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More MS news articles for October 2003

New laws take effect Wednesday

Medical marijuana, booster seats among Maryland mandates

Monday, September 29, 2003
Tom Stuckey
Associated Press Writer

Beginning Wednesday, children under age 6 will be required to use booster seats when traveling on Maryland highways once they have outgrown their child safety seats.

The law mandating use of booster seats is one of dozens of new laws that take effect Oct. 1.

"It will save lives by closing a gap in Maryland's child passenger safety laws," Delegate William Bronrott, one of the sponsors of the new law, said Friday.

"Because highway crashes are the major cause of death and disabling injuries of children, there is nothing more important that we can do than ensure that children of this age group are properly protected," he said.

Under current law, children who are at least 4 years old or weigh more than 40 pounds can sit on regular seats so long as they wear a seat belt. But the minimum age for using a regular seat belt will increase to 6 years old as a result of a law passed by the legislature in 2002 that takes effect Wednesday.

Child safety advocates say seat belts are not safe for smaller children because the shoulder harness often crosses a child's throat while the lap belt crosses the soft tissue of the stomach instead of the hip bones.

Bronrott said booster seats are light, portable, easy to use and less costly than safety seats, with some models selling for less than $30.

Another new law will dramatically reduce penalties for people charged with violating marijuana laws who can convince judges they were using marijuana for a legitimate medical purpose.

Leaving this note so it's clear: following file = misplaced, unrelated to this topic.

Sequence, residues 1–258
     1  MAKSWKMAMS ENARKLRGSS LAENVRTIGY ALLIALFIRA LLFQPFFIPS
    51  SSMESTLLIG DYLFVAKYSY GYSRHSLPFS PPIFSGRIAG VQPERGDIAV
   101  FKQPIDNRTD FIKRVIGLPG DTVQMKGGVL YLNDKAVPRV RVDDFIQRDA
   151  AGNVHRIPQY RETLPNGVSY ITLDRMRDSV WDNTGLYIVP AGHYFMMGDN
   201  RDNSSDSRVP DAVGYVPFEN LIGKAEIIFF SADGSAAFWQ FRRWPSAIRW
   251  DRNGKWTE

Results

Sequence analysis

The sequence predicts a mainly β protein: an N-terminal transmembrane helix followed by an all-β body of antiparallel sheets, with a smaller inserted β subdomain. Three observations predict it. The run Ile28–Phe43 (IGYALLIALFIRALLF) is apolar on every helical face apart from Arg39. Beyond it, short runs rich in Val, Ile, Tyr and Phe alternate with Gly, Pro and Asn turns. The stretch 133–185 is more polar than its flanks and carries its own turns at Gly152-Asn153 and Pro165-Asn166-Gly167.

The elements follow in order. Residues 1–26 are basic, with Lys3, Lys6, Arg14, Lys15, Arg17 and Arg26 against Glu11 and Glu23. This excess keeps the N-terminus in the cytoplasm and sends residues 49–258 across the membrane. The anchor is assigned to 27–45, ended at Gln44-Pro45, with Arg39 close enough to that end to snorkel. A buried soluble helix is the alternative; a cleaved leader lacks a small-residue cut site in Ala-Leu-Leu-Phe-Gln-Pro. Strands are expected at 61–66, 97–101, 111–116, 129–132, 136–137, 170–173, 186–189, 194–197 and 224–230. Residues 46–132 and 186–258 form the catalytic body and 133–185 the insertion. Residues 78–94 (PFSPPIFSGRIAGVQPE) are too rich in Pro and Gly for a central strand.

The maximum punishment under the law is a fine of $100 with no jail time.

Gov. Robert Ehrlich signed the bill in May despite White House pressure to veto it.

"Certainly, we received a lot of pressure from the (Bush) administration" to veto the bill, Ehrlich said on the day he approved it. But he said he had a long record of supporting the use of marijuana for medical purposes.

Advocates of medical marijuana say it relieves nausea for many people undergoing treatment for cancer and can help alleviate symptoms of other illnesses such as Crohn's disease, multiple sclerosis and AIDS.

Bruce Mirken, communications director for the Marijuana Policy Project in Washington, said Maryland's approach of eliminating all criminal penalties except a small fine is unique. Eight states have laws legalizing medical marijuana.

"It's certainly not the ideal answer," Mirken said. But he said the law "at least keeps the threat of prison away from people who can document they have a legitimate medical need."

Advocates of stronger drunken driving laws hope some lives will be saved by a law that makes it illegal to get behind the wheel of a car within 12 hours of being arrested for driving under the influence of alcohol.

Called John's law, it was named for John Elliott, a Naval Academy graduate who was killed three years ago by a driver who had been arrested three hours earlier for drunken driving.

Two other new laws are intended to help prevent stalking and identify theft.

Advocates for victims of domestic violence hope a new stalking law will make it easier to get convictions and protect potential victims.

The major change in the law will allow prosecutors to file charges in cases where people who are harassed have a reasonable fear of being harmed. The current law requires proof of intent to harm someone before a conviction can be obtained.

The new law dealing with identify theft will increase the maximum fine from $5,000 to $25,000 for using someone else's name or credit to buy goods or property.

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